Babies can eat meat! While we fed our toddler a meat free diet until she started demanding bacon around age 2, many of our friends kids were gnawing on steaks as early as 8 months! There are tons of YouTube videos of babies eating all sorts of meats at a young age. And most parents likely don’t eat meals consisting only of steak anyway. There are usually some (hopefully many) veggies involved and it’s pretty easy to prepare in a way that’s baby friendly (fork mash or cut into easy to hold sizes). Infants can “chew” any semi soft food very well with their gums (as any breastfeeding mother can attest those gums feel as strong as teeth when they bite!). I can see the utility in these premade packets, but ultimately it’s still seems like a lot of waste. Most cities don’t have municipal composting programs in place and so that waste can’t be properly disposed of.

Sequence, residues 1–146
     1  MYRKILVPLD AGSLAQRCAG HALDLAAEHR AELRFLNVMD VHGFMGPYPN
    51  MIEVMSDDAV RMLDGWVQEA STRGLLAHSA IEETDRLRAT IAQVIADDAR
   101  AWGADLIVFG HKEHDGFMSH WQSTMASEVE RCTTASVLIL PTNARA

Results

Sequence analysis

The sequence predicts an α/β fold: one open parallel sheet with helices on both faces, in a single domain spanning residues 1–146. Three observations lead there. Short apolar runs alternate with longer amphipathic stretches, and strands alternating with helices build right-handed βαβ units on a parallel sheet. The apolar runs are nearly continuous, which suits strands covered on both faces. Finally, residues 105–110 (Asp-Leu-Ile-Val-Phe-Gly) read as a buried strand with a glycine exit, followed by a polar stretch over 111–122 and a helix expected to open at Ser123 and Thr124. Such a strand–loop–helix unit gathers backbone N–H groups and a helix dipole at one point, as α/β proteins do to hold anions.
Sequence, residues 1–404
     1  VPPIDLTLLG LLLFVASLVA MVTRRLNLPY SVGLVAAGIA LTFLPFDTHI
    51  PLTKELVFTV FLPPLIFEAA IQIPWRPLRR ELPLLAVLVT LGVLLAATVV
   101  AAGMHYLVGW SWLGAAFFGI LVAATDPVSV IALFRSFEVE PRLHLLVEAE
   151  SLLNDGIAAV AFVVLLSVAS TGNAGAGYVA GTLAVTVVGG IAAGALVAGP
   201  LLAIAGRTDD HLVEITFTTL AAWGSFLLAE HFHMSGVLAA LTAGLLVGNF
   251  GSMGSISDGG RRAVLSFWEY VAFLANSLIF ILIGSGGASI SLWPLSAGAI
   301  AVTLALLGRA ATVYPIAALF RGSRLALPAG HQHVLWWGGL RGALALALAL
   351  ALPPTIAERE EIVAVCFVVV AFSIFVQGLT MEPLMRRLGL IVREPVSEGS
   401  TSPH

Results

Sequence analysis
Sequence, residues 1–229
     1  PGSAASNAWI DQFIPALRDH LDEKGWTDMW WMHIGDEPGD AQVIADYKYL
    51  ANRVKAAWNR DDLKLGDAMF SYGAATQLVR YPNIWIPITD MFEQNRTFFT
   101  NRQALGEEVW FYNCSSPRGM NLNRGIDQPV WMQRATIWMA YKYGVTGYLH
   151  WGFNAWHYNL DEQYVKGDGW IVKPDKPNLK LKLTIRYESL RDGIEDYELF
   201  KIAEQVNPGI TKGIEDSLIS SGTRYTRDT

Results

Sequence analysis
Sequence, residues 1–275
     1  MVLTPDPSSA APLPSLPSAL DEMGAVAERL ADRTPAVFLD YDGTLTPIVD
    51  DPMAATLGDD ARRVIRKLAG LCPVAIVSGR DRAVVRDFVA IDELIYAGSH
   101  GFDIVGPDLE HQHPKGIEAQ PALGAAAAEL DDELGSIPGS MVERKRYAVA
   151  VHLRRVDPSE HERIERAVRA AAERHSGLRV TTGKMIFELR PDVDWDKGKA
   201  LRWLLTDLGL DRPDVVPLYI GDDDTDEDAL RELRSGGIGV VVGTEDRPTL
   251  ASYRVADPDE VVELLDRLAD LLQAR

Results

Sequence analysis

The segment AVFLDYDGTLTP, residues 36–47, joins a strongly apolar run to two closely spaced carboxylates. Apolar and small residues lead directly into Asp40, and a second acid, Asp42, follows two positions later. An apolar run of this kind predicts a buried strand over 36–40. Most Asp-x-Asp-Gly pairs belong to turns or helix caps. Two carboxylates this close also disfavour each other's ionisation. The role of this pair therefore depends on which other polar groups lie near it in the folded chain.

My other issue with these packaged foods is kids grow up seeing that they are eating differently than their parents. In order to develop good eating habits, parents must model them and I can’t think of a better way to do this than eating the same things.

Katie Haythorn

What I fabulous service and product. I had this idea myself as there is a huge need for it! If moms can’t understand the concept of your business it is because they don’t understand nutrition in general. I hope you thrive. Thank you for making good food for tots!

The Business Of Feeding Health-Conscious Gen Z And Alpha Children |

[…] Z children say they help with meal preparation three times a week. Simultaneously, though one in three parents make their own baby food most time-pressed millennial parents wish they had more time to make […]